What Is The Coronavirus? Here’s Everything You Need To Know


According to recent estimates reported by CNN, over 4,500 people have been infected with the coronavirus across over a dozen countries — including five confirmed cases in the United States, and 106 confirmed deaths, all of which have been in China. Breathe. Yes, that sounds scary, and yes those numbers will rise, but let’s put it into some historical perspective. In 2002 and 2012, we were introduced to two other coronaviruses by the name of SARS and MERS. SARS spread to 27 countries, infecting 8,000 people and killing 700, and MERS has infected 2,500 people and killed 850, according to figures gathered by the Telegraph.

Which is all just to say: Don’t go into a full panic just yet. Both SARS and MERS, like this new strain of the coronavirus, have no vaccine. Their death rates are tragic, but also manageable (compared to heart disease, etc). Of course, that doesn’t help when there’s a full-on media onslaught. So let’s dive into everything you need to know about the coronavirus.

The Coronavirus, a coronavirus — what the hell is this thing?

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As we mentioned previously, what we’re dealing with here isn’t exactly “the” coronavirus, but rather a coronavirus, like SARS and MERS, but unique enough to have its own name, 2019-nCoV, which is science-speak for 2019 Novel Coronavirus. A coronavirus is a virus commonly found in animals, like bats, birds, camels, and even dogs and cats. Occasionally, a coronavirus will make the leap from animals to humans — no one knows why — where it can mutate into a sometimes deadly disease.

2019-nCoV’s symptoms include fever, coughing, difficulty breathing, and other respiratory issues, and has resulted in severe pneumonia-like illnesses in a quarter of cases. Once humans are infected, the virus is spread through coughing or sneezing, which produces droplets of the virus that contaminate surfaces or objects.

Where did this thing come from and where is it now?

The source of 2019-nCoV is believed to be a seafood market located in Wuhan, a city in central China. According to the Telegraph, the city’s health commission claims that the infection broke out sometime between December 12th and the 29th, with the first patients identified as employees of the market. The market is currently shut down, but during operation was home to stalls trading in snakes, marmots, and poultry, and the current thinking is that this most recent strain came from a bat or snake (though there is increased skepticism about that).

While the vast majority of cases are in China, particularly the city of Wuhan, it has spread to France, South Korea, Japan, Nepal, Thailand, Cambodia, Singapore, Vietnam, Taiwan, Canada, Sri Lanka, and Germany, according to the Washington Post, as well as the United States, and possibly the UK. The virus is likely to continue to spread and probably already has by the time you’re reading this.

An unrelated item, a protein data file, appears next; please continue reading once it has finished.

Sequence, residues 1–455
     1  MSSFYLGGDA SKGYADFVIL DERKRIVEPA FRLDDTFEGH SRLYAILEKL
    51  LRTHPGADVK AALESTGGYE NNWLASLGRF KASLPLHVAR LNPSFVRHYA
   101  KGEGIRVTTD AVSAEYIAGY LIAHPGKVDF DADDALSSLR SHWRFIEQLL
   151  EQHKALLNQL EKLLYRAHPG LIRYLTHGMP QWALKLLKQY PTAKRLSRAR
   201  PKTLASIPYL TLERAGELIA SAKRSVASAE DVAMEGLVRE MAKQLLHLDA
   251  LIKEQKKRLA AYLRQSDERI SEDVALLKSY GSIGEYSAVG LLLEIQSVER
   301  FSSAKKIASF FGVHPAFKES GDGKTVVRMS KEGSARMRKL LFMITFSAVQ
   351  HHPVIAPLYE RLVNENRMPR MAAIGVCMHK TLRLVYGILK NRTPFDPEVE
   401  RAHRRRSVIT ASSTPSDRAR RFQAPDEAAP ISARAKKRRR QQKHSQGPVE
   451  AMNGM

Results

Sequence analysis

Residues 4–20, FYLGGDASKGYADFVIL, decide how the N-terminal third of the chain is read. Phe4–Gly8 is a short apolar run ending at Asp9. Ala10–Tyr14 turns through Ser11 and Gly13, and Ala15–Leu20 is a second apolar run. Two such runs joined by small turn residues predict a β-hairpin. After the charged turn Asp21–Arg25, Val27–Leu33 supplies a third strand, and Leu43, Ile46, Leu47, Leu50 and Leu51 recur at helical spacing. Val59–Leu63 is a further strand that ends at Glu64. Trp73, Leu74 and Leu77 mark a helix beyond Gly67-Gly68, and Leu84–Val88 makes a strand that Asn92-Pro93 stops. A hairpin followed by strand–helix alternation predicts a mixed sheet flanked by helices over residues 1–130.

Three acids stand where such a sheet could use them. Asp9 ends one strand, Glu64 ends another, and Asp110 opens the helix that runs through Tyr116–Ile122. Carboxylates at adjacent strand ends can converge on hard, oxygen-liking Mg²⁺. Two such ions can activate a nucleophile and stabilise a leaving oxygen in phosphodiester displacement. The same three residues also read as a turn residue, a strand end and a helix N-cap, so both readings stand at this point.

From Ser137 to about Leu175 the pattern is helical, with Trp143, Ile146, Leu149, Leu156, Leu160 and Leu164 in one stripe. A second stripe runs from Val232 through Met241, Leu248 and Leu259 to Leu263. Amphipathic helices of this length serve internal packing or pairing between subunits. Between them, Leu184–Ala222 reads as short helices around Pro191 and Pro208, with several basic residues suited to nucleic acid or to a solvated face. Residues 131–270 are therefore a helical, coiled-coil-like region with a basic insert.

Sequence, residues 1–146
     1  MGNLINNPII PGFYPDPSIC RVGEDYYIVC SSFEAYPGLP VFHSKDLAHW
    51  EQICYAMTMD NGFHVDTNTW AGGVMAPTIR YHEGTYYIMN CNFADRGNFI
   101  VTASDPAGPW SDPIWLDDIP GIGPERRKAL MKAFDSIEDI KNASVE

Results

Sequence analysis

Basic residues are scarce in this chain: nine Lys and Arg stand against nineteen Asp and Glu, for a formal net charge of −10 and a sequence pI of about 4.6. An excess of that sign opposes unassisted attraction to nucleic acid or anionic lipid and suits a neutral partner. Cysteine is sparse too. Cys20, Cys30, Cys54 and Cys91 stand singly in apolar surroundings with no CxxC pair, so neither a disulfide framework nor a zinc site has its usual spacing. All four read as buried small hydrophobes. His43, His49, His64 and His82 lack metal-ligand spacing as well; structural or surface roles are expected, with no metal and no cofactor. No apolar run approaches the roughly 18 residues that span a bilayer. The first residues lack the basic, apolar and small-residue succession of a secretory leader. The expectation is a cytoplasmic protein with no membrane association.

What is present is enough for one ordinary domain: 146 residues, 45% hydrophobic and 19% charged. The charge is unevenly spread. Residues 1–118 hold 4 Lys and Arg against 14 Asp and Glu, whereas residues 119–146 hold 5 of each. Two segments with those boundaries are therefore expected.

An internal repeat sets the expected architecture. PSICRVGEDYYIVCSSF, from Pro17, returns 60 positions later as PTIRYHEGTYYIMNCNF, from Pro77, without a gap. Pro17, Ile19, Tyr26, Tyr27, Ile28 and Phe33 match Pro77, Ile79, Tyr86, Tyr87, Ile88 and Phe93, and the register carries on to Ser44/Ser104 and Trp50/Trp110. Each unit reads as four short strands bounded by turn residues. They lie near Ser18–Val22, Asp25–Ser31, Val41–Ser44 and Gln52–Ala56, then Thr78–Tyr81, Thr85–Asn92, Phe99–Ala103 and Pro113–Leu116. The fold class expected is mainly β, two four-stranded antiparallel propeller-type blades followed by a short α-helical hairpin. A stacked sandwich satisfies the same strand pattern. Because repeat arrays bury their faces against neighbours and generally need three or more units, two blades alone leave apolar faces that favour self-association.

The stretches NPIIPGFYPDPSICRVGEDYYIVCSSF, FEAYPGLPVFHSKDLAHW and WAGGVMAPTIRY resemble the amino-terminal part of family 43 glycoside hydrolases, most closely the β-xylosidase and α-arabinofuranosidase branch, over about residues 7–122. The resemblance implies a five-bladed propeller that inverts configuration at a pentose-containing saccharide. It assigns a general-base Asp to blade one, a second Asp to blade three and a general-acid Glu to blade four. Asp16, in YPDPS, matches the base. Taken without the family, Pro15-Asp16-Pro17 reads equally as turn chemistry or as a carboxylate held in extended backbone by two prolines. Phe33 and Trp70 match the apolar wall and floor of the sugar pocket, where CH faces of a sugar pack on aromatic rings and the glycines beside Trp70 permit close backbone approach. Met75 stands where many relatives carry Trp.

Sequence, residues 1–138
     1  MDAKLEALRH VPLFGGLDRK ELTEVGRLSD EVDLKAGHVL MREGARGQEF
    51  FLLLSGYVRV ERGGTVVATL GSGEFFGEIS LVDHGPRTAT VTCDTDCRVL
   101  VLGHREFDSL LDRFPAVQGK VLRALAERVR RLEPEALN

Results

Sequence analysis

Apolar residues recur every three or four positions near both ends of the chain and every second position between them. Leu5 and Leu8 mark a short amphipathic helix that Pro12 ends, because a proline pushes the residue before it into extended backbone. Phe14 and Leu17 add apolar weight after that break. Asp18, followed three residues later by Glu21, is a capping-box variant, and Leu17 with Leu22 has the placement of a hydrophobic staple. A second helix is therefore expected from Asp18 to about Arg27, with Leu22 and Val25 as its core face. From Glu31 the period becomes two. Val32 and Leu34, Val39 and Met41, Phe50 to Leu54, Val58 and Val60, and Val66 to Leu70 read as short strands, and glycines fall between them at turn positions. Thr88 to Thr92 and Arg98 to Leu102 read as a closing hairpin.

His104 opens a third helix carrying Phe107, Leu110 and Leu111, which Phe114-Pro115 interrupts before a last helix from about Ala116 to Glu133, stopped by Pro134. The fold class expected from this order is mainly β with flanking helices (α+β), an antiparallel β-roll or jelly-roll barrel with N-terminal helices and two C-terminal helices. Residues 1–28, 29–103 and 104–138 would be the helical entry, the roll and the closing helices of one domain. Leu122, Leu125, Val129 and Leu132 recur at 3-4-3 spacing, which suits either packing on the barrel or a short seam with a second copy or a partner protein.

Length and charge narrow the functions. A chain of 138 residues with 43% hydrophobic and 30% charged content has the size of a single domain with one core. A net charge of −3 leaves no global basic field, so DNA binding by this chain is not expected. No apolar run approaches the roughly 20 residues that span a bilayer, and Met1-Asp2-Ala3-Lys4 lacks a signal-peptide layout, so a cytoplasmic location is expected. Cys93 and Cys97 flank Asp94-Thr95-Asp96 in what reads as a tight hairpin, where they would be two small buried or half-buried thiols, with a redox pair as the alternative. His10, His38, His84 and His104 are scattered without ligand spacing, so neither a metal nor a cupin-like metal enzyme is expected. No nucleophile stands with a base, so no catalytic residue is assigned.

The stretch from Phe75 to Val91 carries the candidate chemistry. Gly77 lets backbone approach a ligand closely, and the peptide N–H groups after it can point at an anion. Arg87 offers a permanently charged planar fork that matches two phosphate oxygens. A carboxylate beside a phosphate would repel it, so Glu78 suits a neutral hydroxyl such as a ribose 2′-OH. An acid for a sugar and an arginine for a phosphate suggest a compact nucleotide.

CNN currently counts five confirmed cases of the Wuhan coronavirus, one in Washington, Illinois, and Arizona, and two in California (Orange County and Los Angeles), though over 100 people are still being monitored in 26 states across the country, 25 of which have already been cleared. All confirmed cases so far have been from people returning from Wuhan and the CDC maintains that the general risk of infection for Americans is low.

I’m still scared, is anyone doing anything about this?

Yes! You’ll be happy to know that Beijing was quick to share everything they know about 2019-nCoV’s genetic code with the international community, which means scientists everywhere are in the midst of developing vaccines, with the Telegraph reporting that two vaccine candidates are currently being tested in London. Unfortunately, it would likely take upwards of a year for a successful vaccine to be publically available, once its found.

China, where the alarm is much higher, is currently in the midst of building a hospital meant solely for treating patients infected with the coronavirus. They’re about four days in, and the building is almost finished! The northern Chinese city of Tangshan has also suspended all local public transportation in order to curb the possible spread of the virus.

The CDC has advised American’s to follow general flu season protocol and are cautiously optimistic, that this isn’t a full-blown pandemic.

So is it safe to travel?

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Yes. Will your possible exposure to the coronavirus increase if you plan on traveling in 2020? Also yes, but in the same way that you’re less likely to get in a car accident if you just stay home. As of now, the CDC has raised travel precaution warnings to their highest level and suggested that Americans avoid all nonessential travel to China, though travel to China isn’t yet outright banned. Incoming travelers from Wuhan are currently being screened at U.S. airports in 26 states that receive the largest number of travelers from China, including airports in Los Angeles, San Francisco, New York, Atlanta, and Chicago.

So if you have plans to visit the Caribbean or safari in Africa, or a recent disaster zone that desperately needs your tourism — don’t sweat. Carry some hand sanitizer, wash your hands, and don’t do weird things like touch your eyes or mouth if you’ve been out in public all day.


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